French police hunt for eighth Paris attack suspect

French police have released a photo of the suspect who is still at large from the Friday night attack on Paris that killed at least 132 people.

He is identified as Salah Abdeslam, a 26-year-old man born in Brussels, Belgium. The posting soliciting information about the so-called eighth suspect warns that he is dangerous and that anyone with information should call authorities.

He is one of three brothers linked to the string of near-simultaneous attacks across Paris Friday night.

Another brother – Ibrahim Salah – blew himself up at the Bataclan music hall, during an attack there that killed more than 80 people. Belgium authorities are detaining the third brother.

Police in both France and Belgium have have made several arrests and are also questioning family members and other people linked to the other suspected assailants.

French police Sunday questioned close relatives of Omar Ismail Mostefai, the first terrorist identified in attack.

Mostefai’s father, brother and sister-in-law were among six people the authorities detained as France observed the first of three days of national mourning in the aftermath of the carnage that has shocked the world.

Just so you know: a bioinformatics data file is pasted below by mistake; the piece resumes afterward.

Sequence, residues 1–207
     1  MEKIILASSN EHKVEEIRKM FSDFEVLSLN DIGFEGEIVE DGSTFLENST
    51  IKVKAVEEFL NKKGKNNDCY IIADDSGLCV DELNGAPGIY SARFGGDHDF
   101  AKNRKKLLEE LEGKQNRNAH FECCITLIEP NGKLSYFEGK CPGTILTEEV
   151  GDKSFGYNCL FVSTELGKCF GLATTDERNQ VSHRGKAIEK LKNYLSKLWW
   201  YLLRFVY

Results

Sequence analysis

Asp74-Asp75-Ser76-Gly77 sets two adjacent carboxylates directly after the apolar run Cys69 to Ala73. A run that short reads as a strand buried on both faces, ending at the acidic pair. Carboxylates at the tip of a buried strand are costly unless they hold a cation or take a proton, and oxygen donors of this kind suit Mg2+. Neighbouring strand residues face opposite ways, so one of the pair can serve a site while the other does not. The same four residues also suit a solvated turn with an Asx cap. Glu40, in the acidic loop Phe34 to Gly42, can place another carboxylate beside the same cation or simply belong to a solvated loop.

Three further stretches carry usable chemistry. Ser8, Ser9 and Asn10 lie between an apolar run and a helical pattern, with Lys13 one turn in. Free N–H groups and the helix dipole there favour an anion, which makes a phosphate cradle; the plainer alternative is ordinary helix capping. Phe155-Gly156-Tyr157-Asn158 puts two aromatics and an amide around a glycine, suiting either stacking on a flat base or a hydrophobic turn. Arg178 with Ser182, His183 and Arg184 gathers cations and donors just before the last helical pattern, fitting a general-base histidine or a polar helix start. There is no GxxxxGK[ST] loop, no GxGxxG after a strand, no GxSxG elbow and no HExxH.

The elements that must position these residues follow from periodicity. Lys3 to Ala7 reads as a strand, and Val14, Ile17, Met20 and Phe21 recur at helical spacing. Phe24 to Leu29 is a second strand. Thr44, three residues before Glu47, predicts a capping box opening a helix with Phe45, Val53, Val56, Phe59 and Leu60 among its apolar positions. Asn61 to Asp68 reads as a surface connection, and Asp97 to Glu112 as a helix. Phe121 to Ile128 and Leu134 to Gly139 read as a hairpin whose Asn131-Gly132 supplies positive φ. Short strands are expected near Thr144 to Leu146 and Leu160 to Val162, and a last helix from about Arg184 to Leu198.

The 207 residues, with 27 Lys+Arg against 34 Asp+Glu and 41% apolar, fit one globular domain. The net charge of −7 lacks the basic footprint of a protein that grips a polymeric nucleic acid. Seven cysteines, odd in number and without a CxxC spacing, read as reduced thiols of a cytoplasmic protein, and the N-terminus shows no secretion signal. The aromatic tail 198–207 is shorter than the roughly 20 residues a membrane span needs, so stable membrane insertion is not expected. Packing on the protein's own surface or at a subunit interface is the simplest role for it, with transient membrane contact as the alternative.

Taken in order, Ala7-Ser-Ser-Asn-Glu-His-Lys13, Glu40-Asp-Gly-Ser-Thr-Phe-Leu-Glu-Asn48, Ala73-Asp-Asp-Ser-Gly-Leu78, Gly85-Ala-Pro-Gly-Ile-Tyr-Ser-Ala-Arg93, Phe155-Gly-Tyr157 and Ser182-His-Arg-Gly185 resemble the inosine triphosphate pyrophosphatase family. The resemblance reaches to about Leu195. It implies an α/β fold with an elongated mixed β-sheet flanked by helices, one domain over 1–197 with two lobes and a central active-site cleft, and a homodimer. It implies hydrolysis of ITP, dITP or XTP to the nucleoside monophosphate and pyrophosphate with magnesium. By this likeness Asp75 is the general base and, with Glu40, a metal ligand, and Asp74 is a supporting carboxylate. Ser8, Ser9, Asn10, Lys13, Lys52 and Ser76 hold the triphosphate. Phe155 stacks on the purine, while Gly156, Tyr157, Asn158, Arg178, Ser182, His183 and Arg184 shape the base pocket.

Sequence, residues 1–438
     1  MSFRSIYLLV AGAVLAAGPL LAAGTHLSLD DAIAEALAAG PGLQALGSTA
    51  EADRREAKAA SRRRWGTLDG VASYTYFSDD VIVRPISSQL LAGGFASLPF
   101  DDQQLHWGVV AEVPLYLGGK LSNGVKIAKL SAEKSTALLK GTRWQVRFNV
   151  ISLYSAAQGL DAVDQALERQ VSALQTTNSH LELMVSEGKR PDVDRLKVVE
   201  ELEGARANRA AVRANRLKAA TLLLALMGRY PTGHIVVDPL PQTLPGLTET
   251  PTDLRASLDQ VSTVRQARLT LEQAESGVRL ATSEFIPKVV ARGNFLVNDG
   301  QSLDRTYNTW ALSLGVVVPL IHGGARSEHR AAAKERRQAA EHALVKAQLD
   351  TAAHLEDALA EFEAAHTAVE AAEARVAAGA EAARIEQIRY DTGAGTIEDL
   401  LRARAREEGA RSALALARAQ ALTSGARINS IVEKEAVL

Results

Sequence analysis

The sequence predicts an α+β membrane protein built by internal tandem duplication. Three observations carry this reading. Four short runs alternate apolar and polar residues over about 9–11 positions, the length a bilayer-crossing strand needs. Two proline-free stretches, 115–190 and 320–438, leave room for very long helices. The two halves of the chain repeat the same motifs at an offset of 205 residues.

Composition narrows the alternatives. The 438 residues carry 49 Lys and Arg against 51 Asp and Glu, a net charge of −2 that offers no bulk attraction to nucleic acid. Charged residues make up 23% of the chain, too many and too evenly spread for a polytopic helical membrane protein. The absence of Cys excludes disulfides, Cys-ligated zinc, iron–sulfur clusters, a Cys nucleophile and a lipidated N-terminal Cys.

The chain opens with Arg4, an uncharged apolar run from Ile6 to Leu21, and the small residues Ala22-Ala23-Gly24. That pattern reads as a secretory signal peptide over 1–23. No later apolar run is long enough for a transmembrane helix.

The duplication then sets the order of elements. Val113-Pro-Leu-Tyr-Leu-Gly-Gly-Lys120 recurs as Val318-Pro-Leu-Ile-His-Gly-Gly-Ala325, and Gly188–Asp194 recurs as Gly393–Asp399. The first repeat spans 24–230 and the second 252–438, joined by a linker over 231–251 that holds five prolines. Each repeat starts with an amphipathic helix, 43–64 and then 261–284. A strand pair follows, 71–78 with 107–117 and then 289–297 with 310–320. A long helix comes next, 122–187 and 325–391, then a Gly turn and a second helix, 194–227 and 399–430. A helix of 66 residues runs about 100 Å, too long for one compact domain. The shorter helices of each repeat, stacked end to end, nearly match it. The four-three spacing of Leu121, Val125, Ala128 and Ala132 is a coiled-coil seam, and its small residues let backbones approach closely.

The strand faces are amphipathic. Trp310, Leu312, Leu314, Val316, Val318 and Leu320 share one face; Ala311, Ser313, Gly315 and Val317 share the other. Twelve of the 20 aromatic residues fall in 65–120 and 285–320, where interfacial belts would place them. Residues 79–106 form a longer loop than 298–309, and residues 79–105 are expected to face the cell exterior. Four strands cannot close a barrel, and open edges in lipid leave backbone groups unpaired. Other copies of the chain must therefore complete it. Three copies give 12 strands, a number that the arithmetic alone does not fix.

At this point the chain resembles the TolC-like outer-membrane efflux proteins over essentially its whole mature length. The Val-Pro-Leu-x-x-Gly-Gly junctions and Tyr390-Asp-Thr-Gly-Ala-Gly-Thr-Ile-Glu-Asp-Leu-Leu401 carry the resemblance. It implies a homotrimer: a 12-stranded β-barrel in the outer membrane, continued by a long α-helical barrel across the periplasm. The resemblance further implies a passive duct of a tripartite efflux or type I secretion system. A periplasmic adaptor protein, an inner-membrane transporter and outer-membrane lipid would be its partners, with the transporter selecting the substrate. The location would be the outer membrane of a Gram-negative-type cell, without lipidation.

Mostefai was one of seven attackers, all of them wearing suicide vests packed with explosives, who died during the simultaneous attacks, with six of them blowing themselves up and the seventh killed in a shootout with police. At least three of the seven were French nationals.

French prosecutor Francois Molins said Mostefai was known to police as a petty criminal, but had “never been implicated in an investigation or a terrorist association.”  The 29-year-old Mostefai lived in Chartres, near Paris.

Panic at Paris memorial

The Place de la Republique in Paris has filled back up with people after a panic attack sent them running, according to VOA’s Daniel Schearf.

Schearf said he was shooting video footage at the square where a crowd of about 2,000 had gathered mostly to mourn although a small group was showing defiance and singing. A scream was heard somewhere at the center of the crowd and as he heard more screams people panicked and ran, emptying the square in a matter of moments.

The Associated Press reports that the crowd was spooked by several fire crackers.

People pay homage to terror attack victims at the Place de la Republique square in Paris France after panic spread about another possible attack, November15 2015. Photo: D. Schearf / VOA
People pay homage to terror attack victims at the Place de la Republique square in Paris France after panic spread about another possible attack, November15 2015. Photo: D. Schearf / VOA

The Place de la Republique was the scene of massive peace demonstrations after January’s Paris attacks.

Student Thomas Deblauwe and his father were at Republique square earlier in the day, where a crowd placed flowers and candles in front of a giant statue of Marianne, the symbol of France.

Deblauwe said it was important that French stand together and support each other. The country will observe another minute of silence on Monday to pay hommage to the victims.